I wanted to ask, for your son, right? Looking at the great moments you had and looking at the bad moments you had, what would you like for him to experience among your great moments and what would you like for him to avoid amongst the bad ones?
Looking at the great moments for him, I was able to transition into a work but stay at home mom. And I actually enjoyed that even though he's at school for hours of the day. But I was accessible. Yeah, so if he hurt himself on the playground or anything like that, even though, yes, I could leave work and go, but I didn't have to talk to a boss and this and that. But let me just tell my bookers and my colleagues like, hey, I've got to go. And I could just go, you know, taking my time in the morning. Not having to have to drag him and make cereal and just go. Like, no, none of that anymore. So it was much more of a freedom. Much more calm in the morning time. As well as just lifestyle, so calm. And I think for him, I don't want to push entrepreneur on him. There is that freedom. I come from a family of entrepreneurs. Like my dad and my brother worked together doing drywall and taping. My mom runs our Family Dollar Store. And then I have a business. So he's never really been seeing anybody say like, I have to go to work. So I don't want to push it on him. Because obviously a lot of people, they don't see the groundwork, they just see all the achievements. And the groundwork takes years before the achievements come along. And so because of that, I wouldn't push that pressure on him. But the capability of seeing all of that it's around him. So that's one good thing,
Any bad things you want him to avoid?
Bad… I think just, you know, working is not a bad thing. Having a nine to five, it's not a bad thing. Because you can use that to your advantage to see how the managers work, the mentality of them. You know, if you want to be there, if you don't want to be there, I think that's not a bad thing. If you're using it for some sort of stepping stone, right? So whether it's playing chess so that you have to get into a different department or, you know, or maybe this person, yeah, what's the whole 48 Laws of Power? I feel like workplaces, like literally 48 Laws of Power is your manual, like, study that book, go to work and sit back and you will see everything that is inside of that book. Because then you can be like, okay, I'll just be the Joker today. You know, because in the book, it talks about you know, the juggler, the Joker, and I'll just be the Joker. But in the end, you know that your supervisor will never fire the Joker. Because it's all the other people who want to be so serious and studious. And then they fuck up. And then the minute they fuck up, it's like, supervisors says come in my office, whereas the Joker is just like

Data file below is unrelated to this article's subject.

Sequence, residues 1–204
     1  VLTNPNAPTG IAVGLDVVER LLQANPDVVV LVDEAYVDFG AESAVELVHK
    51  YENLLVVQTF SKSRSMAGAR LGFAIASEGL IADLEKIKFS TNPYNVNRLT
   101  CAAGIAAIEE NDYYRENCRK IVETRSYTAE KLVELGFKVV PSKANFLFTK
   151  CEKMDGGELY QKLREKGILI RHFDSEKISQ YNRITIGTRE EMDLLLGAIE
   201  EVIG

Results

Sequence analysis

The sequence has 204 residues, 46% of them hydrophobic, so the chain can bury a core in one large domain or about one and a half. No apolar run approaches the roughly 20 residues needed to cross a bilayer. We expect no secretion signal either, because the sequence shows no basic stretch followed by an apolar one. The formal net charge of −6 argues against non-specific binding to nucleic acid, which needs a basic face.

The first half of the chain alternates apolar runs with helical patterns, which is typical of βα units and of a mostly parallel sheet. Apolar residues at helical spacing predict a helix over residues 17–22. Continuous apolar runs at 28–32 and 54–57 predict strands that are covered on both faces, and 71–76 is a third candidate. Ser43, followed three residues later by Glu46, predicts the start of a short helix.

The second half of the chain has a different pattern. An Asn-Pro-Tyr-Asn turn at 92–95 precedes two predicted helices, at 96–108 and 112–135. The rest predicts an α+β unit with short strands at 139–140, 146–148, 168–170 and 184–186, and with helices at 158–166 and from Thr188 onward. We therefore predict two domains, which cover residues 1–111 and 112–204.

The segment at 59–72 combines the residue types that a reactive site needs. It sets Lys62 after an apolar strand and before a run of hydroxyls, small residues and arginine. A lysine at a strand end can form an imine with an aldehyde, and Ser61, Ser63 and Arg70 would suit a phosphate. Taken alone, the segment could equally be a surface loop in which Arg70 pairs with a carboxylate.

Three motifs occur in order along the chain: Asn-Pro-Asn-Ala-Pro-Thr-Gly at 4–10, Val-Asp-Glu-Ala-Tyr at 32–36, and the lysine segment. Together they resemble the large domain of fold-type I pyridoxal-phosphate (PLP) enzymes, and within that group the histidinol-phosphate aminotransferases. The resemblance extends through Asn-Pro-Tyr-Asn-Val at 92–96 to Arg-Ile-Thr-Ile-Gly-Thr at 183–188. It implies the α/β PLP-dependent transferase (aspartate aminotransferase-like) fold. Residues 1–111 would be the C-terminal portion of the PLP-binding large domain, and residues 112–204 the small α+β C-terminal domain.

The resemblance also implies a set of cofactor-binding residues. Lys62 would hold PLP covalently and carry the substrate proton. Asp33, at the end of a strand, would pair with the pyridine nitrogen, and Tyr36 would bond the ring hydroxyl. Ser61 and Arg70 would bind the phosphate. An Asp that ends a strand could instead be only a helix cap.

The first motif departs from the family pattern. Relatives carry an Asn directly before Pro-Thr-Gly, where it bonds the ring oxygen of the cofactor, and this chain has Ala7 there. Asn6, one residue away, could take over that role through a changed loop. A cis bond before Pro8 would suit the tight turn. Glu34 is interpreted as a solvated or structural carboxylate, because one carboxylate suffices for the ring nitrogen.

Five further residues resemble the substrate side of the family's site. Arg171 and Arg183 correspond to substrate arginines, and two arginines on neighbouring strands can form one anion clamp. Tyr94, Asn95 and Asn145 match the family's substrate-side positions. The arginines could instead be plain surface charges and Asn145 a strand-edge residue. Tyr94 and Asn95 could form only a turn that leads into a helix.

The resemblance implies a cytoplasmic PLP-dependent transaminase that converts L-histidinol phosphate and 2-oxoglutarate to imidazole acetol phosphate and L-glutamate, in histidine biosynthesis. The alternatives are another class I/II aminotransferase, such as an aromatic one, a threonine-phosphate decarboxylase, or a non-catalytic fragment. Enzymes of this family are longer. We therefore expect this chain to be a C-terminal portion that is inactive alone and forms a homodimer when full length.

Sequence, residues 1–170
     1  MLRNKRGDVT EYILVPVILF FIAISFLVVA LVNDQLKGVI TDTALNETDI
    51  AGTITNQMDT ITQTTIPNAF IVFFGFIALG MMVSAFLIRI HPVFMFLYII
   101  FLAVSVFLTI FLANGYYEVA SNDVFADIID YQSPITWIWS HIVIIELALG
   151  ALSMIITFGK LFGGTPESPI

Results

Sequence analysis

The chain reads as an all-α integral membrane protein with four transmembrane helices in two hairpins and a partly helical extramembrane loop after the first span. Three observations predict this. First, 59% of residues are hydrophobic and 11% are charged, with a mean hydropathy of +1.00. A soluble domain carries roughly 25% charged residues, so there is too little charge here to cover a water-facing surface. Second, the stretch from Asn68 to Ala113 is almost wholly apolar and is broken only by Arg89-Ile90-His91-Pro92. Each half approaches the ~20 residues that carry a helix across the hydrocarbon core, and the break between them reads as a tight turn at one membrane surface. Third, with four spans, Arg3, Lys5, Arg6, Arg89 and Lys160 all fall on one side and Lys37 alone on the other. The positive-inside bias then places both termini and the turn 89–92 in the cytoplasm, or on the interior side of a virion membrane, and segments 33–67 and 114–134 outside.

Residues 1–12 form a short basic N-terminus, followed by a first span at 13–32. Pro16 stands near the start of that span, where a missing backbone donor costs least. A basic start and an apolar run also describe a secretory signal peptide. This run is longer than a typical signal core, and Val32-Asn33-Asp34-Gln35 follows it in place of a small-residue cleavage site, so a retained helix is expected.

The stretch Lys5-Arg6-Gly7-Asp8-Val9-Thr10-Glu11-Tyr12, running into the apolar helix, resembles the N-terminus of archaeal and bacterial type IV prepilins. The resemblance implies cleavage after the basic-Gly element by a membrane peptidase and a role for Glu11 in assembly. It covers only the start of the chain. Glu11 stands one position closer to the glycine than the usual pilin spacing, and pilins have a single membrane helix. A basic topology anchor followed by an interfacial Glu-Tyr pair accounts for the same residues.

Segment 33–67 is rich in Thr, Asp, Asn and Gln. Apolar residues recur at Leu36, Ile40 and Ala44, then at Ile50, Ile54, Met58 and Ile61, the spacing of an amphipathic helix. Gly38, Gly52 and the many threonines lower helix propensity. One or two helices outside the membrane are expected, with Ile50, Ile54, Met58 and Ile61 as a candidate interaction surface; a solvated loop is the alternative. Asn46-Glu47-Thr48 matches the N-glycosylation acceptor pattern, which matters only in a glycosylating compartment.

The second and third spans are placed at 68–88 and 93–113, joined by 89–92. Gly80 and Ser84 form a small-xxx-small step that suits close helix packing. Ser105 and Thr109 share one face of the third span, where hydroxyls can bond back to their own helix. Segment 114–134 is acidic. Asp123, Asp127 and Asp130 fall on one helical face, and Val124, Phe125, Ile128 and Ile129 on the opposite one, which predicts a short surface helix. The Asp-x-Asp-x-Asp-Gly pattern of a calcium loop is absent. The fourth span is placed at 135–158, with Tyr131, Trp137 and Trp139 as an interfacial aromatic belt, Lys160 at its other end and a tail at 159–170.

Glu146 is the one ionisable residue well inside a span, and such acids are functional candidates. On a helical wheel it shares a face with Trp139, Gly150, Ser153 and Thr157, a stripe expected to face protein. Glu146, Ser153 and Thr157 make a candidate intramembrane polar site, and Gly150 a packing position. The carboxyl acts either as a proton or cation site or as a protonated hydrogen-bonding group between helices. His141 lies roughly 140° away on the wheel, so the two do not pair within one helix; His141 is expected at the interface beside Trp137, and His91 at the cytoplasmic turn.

he's been there for two years, three years and it's just like, yo, how are you still here? And everybody's like, you know, gets in trouble they get write ups just like you.
This has been quite interesting. All right. What is the legacy you want to leave?
The legacy that I want to leave? I would love to have Morgan Models as like a name. Like a global. Like you hear some of the other agencies, the names, you just know it right away. It would be amazing if it was just a global name. Yeah, that would be the legacy. Yeah, that would be the legacy. Franchise it and just have the name globally. And I’ll be like my work is done!